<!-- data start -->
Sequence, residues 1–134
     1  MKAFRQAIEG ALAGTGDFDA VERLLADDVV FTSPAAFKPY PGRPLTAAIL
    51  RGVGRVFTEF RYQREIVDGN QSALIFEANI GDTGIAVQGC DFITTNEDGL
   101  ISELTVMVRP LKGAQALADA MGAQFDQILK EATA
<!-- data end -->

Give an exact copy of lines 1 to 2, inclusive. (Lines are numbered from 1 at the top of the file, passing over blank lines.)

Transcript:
Sequence, residues 1–134
     1  MKAFRQAIEG ALAGTGDFDA VERLLADDVV FTSPAAFKPY PGRPLTAAIL